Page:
This is our dissent. I say that it is "attachment" (or "clinging") that can be directly experienced but you prefer "thinking about" and infer "it must be existence that is 'felt' and that causes the clinging". I consider this to be philosophical fabrication deviating from direct experience and leading to further deviating fabrications and ... to "the thicket of views".
You seem to be clinging tightly to a thicket of views in an attempt to avoid that thicket.
"It exists", "it does not exist" is an ingrained habitual imputation -- that is a view,that is also a thought. Apart from these two views, there are no other views since all views can be summarized into these two positions or thoughts.
The ingrained habitual imputation "It exists" or "it does not exist" is the cause of clinging or attachment. There is no existence to be "felt". Existence/non-existence is an imputation that lacks a basis.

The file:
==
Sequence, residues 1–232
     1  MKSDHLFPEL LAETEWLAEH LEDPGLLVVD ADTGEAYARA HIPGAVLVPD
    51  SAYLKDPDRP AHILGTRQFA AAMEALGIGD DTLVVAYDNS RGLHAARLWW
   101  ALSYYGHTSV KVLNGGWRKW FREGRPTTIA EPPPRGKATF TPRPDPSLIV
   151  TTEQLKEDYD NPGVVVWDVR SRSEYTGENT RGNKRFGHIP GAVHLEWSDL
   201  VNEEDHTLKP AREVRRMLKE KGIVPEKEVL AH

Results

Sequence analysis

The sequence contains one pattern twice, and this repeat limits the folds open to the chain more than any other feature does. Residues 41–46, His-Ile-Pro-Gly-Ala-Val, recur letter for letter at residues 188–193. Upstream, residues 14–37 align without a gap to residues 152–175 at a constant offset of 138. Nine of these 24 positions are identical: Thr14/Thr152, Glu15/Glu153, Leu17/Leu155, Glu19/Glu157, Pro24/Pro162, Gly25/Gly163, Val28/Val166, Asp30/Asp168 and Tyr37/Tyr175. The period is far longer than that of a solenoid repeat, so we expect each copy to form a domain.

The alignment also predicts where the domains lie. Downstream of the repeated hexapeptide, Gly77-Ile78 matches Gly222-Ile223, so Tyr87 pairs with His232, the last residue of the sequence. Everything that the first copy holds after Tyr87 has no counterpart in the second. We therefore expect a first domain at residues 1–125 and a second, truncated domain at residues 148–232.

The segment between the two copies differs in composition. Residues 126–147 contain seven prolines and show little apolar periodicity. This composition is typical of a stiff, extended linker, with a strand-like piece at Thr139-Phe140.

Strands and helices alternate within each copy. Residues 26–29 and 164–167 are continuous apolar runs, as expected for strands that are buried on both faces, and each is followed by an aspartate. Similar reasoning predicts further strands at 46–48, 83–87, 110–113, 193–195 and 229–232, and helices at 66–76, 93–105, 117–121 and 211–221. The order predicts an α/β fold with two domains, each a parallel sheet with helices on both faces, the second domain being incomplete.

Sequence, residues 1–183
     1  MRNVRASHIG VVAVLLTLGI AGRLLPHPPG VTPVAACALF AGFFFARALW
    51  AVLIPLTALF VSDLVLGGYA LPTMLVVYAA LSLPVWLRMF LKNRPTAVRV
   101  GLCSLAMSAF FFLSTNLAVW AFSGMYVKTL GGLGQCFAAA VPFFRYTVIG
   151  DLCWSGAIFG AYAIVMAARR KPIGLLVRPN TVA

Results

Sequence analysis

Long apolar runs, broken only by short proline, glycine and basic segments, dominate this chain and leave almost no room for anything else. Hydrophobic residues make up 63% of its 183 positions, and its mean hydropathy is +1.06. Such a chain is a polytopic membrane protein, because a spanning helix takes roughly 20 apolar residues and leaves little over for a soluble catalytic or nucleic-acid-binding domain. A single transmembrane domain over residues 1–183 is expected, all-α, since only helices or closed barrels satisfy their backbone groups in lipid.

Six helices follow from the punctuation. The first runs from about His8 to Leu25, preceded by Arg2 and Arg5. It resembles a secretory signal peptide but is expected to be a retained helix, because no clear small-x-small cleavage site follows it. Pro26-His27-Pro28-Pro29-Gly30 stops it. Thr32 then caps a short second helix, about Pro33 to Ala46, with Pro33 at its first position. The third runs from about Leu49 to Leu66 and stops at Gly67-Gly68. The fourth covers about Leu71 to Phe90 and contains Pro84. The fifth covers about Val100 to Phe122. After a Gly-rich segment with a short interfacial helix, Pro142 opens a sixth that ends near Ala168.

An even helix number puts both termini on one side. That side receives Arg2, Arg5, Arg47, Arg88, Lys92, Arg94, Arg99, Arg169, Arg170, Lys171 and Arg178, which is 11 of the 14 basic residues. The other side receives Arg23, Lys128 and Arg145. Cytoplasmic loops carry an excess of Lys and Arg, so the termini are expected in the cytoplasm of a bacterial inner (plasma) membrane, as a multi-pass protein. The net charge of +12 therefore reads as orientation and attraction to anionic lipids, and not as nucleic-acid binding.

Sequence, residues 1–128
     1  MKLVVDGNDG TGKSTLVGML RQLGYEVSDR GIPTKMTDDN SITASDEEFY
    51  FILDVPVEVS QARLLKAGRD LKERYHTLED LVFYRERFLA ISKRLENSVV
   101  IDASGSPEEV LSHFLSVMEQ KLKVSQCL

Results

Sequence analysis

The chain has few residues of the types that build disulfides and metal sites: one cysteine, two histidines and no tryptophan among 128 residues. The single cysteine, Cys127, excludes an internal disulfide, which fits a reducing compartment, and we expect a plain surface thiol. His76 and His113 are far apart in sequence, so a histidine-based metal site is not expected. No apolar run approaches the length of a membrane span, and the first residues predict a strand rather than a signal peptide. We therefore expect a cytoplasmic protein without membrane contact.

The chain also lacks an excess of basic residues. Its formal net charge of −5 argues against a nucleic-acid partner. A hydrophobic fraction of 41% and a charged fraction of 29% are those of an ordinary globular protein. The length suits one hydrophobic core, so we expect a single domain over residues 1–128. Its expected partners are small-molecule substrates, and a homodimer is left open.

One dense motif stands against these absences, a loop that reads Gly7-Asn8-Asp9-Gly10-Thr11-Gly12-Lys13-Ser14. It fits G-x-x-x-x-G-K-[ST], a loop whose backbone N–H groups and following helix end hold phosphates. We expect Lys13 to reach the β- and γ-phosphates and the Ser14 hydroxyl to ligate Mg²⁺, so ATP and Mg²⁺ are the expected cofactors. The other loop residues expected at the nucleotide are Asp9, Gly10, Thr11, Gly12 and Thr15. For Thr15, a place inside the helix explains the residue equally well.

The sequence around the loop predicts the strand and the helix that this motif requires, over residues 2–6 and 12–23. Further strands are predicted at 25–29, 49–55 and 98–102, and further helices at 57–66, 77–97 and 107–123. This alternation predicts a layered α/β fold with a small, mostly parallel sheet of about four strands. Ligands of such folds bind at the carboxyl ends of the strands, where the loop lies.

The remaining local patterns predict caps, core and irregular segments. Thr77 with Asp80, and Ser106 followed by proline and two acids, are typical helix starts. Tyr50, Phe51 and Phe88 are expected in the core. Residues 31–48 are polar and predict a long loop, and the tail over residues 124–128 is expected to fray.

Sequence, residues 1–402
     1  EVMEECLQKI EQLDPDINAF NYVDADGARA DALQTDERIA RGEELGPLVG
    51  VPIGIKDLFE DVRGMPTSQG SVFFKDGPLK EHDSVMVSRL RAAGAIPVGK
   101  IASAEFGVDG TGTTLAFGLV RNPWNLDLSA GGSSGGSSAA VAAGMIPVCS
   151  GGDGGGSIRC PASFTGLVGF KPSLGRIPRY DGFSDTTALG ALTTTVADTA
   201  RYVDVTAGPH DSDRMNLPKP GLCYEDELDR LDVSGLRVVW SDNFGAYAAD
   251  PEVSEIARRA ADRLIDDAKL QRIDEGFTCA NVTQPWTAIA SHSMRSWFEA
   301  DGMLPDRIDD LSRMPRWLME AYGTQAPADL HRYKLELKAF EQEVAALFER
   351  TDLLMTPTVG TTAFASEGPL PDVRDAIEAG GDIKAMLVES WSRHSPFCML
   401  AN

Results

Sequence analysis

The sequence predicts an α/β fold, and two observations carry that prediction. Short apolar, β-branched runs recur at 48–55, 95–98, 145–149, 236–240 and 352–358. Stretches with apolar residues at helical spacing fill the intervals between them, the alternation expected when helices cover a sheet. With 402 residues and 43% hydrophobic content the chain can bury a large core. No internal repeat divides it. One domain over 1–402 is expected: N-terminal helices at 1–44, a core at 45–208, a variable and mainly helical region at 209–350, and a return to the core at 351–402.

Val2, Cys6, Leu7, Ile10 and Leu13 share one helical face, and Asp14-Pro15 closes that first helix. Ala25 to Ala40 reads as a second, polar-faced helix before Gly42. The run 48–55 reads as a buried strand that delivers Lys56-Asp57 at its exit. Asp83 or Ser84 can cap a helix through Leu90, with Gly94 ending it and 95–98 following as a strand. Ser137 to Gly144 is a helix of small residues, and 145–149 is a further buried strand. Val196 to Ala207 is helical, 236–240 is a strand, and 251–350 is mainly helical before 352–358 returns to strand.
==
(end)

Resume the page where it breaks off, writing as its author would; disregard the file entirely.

From another perspective, clinging can never be an unmediated experience since it is following craving, which follow sensation. When there is no craving, there can be no clinging. When there is craving, this is accompanied by the thought, "I want this", "I don't want that".
A sensation on the other hand, does not necessarily involve clinging since sense consciousnesses are wholly non-conceptual, and and their object is in the present moment. Clinging is an operation of the manas, and therefore, constantly involved with past moments of sense perception. Hence clinging is a wholly conceptual state, divorced from non-conceptual sense cognitions, based on craving. Craving is also function of manas, and is also supported on a past object, the object of sensation produced during contact.
So, while it is possible to experience an attachment directly that experience is based on a thought, divorced from the sense percept of that object of attachments. Attachment therefore, cannot be direct experiences, although they themselves can be directly experiences as mental objects.